There’s a scene early on in Obvious Child, coming out tomorrow, where Jenny Slate (a.k.a. Marcel the Shell) is standing across the street from her ex-boyfriend’s apartment. It’s winter, she’s coatless, clutching a cup of coffee, bargaining with herself, “If that lady crosses the street, then I have to leave,” etc. The bit spirals until she gets what she’s there for: to catch a brutal glimpse of her ex with his new girlfriend and dog. It’s obviously funny, also a hair too real because, ugh, I would do (or have done) that.
At its briefest IMDB nugget, Obvious Child features Donna, a 28-year-old Brooklyn comedian whose boyfriend brutally dumps her in a bar bathroom. While in the throes of an all-too-identifiable emotional crisis, she has rebound sex that results in an unwanted pregnancy. The film’s been billed as a wry, honest comedy that embraces female gross-out humor à la Bridesmaids — but, more notably, has been called the first entry into the "abortion rom-com" canon.
Obvious Child doesn't waste time hand-wringing. Donna, hovering somewhere between no-collar employment and plain unemployed never falters in her decision to abort. But the days leading up to her Valentine's Day appointment (thanks, universe) create the opportunity to tell a small, resonant, funny story of personal growth.
The blunt take on the topic stems from writer/director Gillian Robespierre's own discontent with the way conversations about abortion have been presented in other movies. Yes, this film talks about abortion. However, in the universe of the film, Donna’s decision is a stepping stone, not a milestone. It portrays a modern woman simply figuring her life out. “It’s a coming-of-age movie, but the age bracket has sort of changed," Robespierre tells the Cut. "It’s not 16 to 20, it’s like, 25 to 30. It’s about finding confidence and losing confidence and finding it again, navigating the murky waters of unemployment, you know. It’s: 'I was told I would have a career! Should I have a career? Why do I feel 10 steps behind everyone else?'"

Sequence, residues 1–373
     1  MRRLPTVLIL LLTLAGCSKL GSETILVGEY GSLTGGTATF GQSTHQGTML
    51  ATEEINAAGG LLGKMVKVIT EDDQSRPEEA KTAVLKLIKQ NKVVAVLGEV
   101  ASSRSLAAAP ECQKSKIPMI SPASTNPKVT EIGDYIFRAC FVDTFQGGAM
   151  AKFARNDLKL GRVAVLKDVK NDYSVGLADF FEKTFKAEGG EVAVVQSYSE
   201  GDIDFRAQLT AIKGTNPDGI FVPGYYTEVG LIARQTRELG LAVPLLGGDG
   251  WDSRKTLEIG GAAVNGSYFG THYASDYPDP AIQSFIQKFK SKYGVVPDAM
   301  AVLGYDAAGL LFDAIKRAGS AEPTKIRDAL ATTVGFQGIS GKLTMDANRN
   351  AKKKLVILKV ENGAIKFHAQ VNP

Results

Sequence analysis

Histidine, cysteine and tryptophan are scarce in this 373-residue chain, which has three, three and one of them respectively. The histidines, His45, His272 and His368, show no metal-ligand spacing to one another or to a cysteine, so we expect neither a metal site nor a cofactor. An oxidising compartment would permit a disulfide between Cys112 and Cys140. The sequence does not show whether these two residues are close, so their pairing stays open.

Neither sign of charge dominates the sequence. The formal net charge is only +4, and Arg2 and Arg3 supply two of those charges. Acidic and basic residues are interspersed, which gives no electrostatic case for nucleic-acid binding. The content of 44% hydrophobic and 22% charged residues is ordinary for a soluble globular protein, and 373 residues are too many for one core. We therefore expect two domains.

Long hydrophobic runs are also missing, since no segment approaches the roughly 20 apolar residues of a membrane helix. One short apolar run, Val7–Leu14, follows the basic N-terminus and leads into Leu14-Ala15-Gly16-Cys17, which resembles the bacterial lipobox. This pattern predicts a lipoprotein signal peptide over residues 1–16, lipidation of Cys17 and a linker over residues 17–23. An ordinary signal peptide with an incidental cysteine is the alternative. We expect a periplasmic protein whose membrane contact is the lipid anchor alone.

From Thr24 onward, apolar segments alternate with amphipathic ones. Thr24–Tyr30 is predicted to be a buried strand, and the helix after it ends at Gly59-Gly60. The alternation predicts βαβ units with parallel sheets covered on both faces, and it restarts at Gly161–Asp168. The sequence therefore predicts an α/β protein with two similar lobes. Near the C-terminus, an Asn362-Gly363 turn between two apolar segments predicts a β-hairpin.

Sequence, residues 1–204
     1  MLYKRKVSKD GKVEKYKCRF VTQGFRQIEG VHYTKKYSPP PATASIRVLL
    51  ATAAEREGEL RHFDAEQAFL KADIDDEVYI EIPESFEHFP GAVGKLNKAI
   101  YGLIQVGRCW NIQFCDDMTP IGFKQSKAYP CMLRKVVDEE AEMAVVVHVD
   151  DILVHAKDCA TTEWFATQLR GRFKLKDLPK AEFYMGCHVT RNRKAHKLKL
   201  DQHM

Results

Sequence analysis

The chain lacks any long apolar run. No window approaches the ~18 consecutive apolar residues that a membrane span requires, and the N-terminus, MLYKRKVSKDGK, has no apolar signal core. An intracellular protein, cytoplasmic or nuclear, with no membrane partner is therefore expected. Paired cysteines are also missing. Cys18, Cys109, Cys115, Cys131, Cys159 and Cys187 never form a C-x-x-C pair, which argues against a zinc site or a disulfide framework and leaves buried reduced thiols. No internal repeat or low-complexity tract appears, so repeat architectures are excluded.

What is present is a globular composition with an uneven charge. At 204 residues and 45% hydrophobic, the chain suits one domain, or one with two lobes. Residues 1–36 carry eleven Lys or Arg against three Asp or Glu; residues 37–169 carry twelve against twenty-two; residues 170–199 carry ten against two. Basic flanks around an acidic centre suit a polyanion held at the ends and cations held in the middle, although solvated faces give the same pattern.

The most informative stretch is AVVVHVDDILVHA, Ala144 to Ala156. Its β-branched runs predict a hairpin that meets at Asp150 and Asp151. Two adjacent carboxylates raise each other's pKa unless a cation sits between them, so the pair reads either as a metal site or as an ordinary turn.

Turns out, Robespierre has written the perfect Saturn Return movie. For the non-astrologically inclined, Saturn Return refers to the first time the planet completes its cycle through your birth chart and returns to the spot it occupied when you were born. Some people call it your cosmic bat mitzvah, but it can also usher in a major life crisis, depending on how you roll — either way, it’s that tumultuous time from 28 to 30, right before you’re considered a full-blown adult by the universe's standards. Drew Barrymore, Gwen Stefani, and Susan Miller have all openly discussed it at one time or another.